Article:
An Indianapolis police officer filed a lawsuit against the NFL on Monday, claiming the professional sports league defamed him when highlighting cases of police brutality and systemic racism.
What is the background?
During the 2020 NFL season, players wore helmet decals "to honor victims of systemic racism, victims of police misconduct, and social justice heroes" as part of an NFL campaign called "Inspire Change: Say Their Stories."
One of the 87 people included in the campaign was Dreasjon Reed, a 21-year-old black man who was shot and killed by Indianapolis police "following a high-speed vehicle pursuit and a foot chase" last May, CNN reported.
The Indianapolis Metro Police Department officer who killed Reed — De'Joure Mercer — was later cleared of all wrongdoing. Special prosecutor Rosemary Khoury announced last December, "This special grand jury returned a 'No Bill.' This term means there is insufficient evidence to indict or accuse Officer Dejoure Mercer of a crime."
What are the details?
Mercer filed a complaint in federal court court accusing the NFL of libel, citing four media creations that allegedly accused Mercer of "police misconduct."
The truth of the matter is that Mercer committed no misconduct... and was publicly cleared of all alleged wrongdoing. Despite a highly-publicized investigation and other information that clearly exculpated Mercer of all wrongdoing, all of which was publicly available and was in fact possessed by and known to one of the National Football League's teams, the Indianapolis Colts, the NFLE published several online statements accusing Mercer of police misconduct. As detailed below, the NFLE published its false statements of fact negligently and with a reckless disregard of the truth; the NFLE's statements are defamatory per se and have caused Mercer to suffer severe emotional and reputational injury in his personal and professional capacities.
The NFL's campaign "gives rise to the inference, implication, and imputation that Mercer committed occupational misconduct and even criminal acts during [his encounter] with Reed, similar to that which were inflicted upon George Floyd," Mercer's lawyers later write in the complaint. "This inference, implication, and imputation is false because Mercer committed no such acts."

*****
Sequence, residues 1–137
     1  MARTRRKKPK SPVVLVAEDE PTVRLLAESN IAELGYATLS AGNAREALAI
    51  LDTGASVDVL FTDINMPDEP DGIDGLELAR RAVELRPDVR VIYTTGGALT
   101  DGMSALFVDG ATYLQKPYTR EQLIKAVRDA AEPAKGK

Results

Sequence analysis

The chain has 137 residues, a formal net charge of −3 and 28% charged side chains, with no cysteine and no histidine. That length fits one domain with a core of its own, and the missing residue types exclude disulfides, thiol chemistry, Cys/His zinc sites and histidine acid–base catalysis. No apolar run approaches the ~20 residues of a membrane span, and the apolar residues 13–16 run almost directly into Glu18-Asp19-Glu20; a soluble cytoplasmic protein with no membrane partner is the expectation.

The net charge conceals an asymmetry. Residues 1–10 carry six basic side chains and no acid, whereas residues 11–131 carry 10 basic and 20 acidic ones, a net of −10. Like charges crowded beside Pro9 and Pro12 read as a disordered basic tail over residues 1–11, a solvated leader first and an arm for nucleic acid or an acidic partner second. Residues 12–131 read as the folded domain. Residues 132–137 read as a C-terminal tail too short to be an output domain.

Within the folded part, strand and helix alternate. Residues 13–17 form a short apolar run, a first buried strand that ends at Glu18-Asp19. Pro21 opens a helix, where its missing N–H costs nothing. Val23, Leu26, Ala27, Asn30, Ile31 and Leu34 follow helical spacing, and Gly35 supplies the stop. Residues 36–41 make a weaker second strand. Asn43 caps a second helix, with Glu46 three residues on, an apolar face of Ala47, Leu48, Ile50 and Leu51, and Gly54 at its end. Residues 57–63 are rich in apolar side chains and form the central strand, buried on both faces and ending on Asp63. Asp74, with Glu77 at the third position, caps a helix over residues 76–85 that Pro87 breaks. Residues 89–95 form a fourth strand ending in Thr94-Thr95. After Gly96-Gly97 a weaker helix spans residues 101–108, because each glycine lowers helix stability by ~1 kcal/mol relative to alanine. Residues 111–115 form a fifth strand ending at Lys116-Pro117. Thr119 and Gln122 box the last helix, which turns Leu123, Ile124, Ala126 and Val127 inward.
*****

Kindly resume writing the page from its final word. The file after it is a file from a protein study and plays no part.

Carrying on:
Meanwhile, an attorney for Mercer, Guy A. Relford, released a statement in which he expressed support for the NFL's campaign — just not the inclusion of Reed.
"While we support NFL Enterprises' efforts to address social justice issues, Officer Mercer is taking a stand for the many, many good cops on duty across America," Relford said, WXIN-TV reported. "He is standing up for his friends and colleagues and sending a message that before you accuse a decorated police officer of misconduct in a national campaign, you had better get your facts straight."
"De'Joure Mercer is a hero. He tracked down a very dangerous criminal wanted by the police, who was a threat to the citizens of Indianapolis. He put his life on the line and was nearly killed in that effort," the statement added. "He was completely exonerated after an exhaustive investigation into the death of Mr. Reed. For NFL Enterprises then to suggest he was involved in police or racist misconduct is totally false, defamatory and unacceptable. What happened here has nothing to do with racism."
Mercer is asking for a jury trial and "substantial compensatory damages."
The NFL has not yet addressed the lawsuit.